Physician’s Chief Deputy Would Be Baltimore Commissioner
By Rob Stein and Lyndsey Layton
The Obama administration has tapped Margaret A. Hamburg, a physician and former New York City health commissioner
with an interest in bioterrorism, to run the struggling Food and Drug Administration, according to people familiar with the choice.
Joshua Sharfstein, Baltimore’s health commissioner, will serve as Hamburg’s chief deputy, according to these sources. Sharfstein won national attention when he took on the drug industry and petitioned the FDA in 2007 to restrict the use of over-the-counter cough and cold medications for young children.
The White House would not confirm the selections yesterday. Hamburg, 53, could not be reached for comment; Sharfstein, 39, declined to talk to a reporter.
The pair, both outsiders, would take on an agency in crisis. Shaken by a series of alarming failures, the FDA desperately needs an infusion of strong leadership, money, technology and personnel — and perhaps a major restructuring, say former officials, members of Congress, watchdog groups and various government reports.
With nearly 11,000 employees and an annual budget of more than $2 billion, the FDA is charged with overseeing products that account for one-quarter of consumer spending in the United States, including over-the-counter and prescription medications, food and medical devices such as heart valves and artificial hips. But morale within the FDA plummeted as a result of accusations of ideological bias and tilting toward industry.
It has been lambasted on Capitol Hill for a series of food-borne illnesses, the most recent of which is an ongoing salmonella illness outbreak that has sickened 700 people and killed nine. The agency has been slammed by its own scientists for approving medical devices without proper vetting. And it has been unable to ensure the safety of imported goods pouring into the United States from around the world, including food, drugs and raw materials.
“We look forward to working with Doctor Hamburg to ensure that our country continues its leadership in scientific research and innovation across the world, bringing hope to patients and their families battling cancer and other life-threatening disease,” said Ellen V. Sigal, chairwoman of Friends of Cancer Research.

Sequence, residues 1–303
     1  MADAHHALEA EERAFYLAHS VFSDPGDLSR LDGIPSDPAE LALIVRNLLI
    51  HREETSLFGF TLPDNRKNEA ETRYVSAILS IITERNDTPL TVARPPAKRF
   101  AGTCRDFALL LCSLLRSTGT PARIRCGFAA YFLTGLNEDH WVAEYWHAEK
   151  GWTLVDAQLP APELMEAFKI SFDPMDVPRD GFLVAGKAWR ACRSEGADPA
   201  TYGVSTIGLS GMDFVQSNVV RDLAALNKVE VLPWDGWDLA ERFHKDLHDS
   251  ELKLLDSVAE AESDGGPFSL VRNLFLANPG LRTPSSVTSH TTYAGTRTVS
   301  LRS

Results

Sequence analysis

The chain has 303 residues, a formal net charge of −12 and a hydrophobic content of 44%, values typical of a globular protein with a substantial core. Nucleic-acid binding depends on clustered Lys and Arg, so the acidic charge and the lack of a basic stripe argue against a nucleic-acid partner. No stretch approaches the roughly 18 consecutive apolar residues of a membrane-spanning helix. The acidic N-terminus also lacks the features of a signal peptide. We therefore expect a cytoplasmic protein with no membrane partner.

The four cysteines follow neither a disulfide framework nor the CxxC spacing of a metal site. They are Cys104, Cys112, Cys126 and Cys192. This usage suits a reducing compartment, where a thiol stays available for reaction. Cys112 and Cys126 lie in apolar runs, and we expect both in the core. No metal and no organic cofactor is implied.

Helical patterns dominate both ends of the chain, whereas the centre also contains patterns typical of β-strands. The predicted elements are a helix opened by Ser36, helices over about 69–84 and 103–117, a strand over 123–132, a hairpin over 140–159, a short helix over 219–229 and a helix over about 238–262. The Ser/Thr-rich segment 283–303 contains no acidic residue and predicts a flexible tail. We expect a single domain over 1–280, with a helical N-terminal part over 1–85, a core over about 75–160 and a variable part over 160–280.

Some questioned whether Hamburg has enough knowledge of the FDA. “She had a very impressive track record in New York, and the question is: Can she bring that to this underfunded, dysfunctional agency?” said Diana Zuckerman, president of National Research Center for Women and Families.
Hamburg, who would have to be confirmed by Congress, grew up on the campus of Stanford University, the daughter of two physicians. Her mother, Beatrix, was the first African American woman to attend Vassar College and to earn a degree from the Yale University School of Medicine. She has credited her Jewish father, David, for teaching her to fight discrimination.
Hamburg graduated from Radcliffe College and Harvard Medical School. From 1986 to 1988, she served in the U.S. Office of Disease Prevention and Health Promotion, and from 1989 to 1990 she was assistant director of the National Institute of Allergy and Infectious Diseases at the National Institutes of Health.
In 1991, Hamburg became health commissioner of New York City. In 1997, she became assistant secretary for planning and evaluation at the Department of Health and Human Services in the Clinton administration, where she created a bioterrorism program.
Since 2001, she has been vice president for biological programs at the Nuclear Threat Initiative, a think tank focused on the threat from nuclear, chemical and biological weapons. Hamburg is married to Peter Fitzhugh Brown, an artificial intelligence expert who is executive vice president and director of Renaissance Technologies, a privately owned hedge fund.